Home Mandolin Head Hospital


Snapped Heads

   The head of the Italian mandolin is one of the most fragile areas, as they are generally glued to the end of the neck. This is a device of luthiers to save wood on the neck/head angle. This join has to support all the tension of the strings, at the point where the instrument is at its narrowest. It is often quite thin too, especially where enclosed tuners are used, and splits are also common along the lines of the tuner screws. German mandolins tend to be a little less prone to this problem, often with one-piece necks and heads.

 There are a variety of problems that relate to the head, apart from tuner problems. Here is one that so often marks the end of the life of a mandolin, especially the lightly-built, fragile Italians. 1 2 3
   Where the narrow neck is cut into to house the nut, and with the tremendous string pressure (equivalent to 6-10lbs per string), breaks are all too frequent, (1) but happily not terminal. First the neck end is cleaned and levelled (2), and the same done to the head end (3). I even sometimes cut jagged ends off one side, to carefully glue back into the other to give me a sound platform for re-gluing.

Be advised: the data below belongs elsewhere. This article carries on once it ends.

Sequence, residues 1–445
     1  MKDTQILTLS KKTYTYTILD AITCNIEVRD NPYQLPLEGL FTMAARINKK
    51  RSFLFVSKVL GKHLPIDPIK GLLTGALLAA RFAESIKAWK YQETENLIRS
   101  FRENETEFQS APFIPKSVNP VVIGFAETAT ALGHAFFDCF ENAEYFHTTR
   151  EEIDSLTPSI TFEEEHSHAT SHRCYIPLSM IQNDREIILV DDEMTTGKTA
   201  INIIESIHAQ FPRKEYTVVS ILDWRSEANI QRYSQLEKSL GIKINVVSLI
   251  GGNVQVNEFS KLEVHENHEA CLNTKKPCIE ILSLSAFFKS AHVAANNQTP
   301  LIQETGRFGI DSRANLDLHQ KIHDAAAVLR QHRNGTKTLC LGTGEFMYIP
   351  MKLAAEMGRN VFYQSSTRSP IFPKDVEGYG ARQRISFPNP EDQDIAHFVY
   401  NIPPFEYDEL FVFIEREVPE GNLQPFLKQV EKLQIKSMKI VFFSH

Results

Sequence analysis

4   I then drill out a hole in each side into which I will glue a dowel peg (4). It is not enough to just apply glue to the two ends, it is not strong enough, however, before setting in a dowel, the two parts must be solid, and the hole central, or there is a real risk of the pressure ripping the peg out through the back of the head or neck. Care must also be taken to get the head angle correct when rebuilding the ends. Finally you can see the head and neck re-united (5) and held with tape whilst the glue sets. 5
Historially there are a lot of solutions to this problem, which can be seen on the backs of many instruments, below a few of these can be seen....
A brass re-enforcement Reglued after damage cut away    


Tuner-screw Splits

 In this sequence, a head is rebuilt, after being doubly split by totally rusted tuners, that needed to be disassembled to be removed, but left the head in three pieces.

   The remains of the head were all used in the rebuild. First all the fragments were glued to the larger pieces. Next the 3 main sections were carefully drilled so that wooden dowelling could be inserted to give the re-glued head some structural integrity.

After the dowel sections were glued in place, the two side pieces were glued and clamped to the centre piece. The resulting head was solid but ugly, so a thin rosewood veneer was glued to the front, in much the same fashion as that above. The whole head was then sanded smooth and re-stained, re-drilled and varnished, after which only slight colour variations and close scrutiny reveal the extent of previous damage.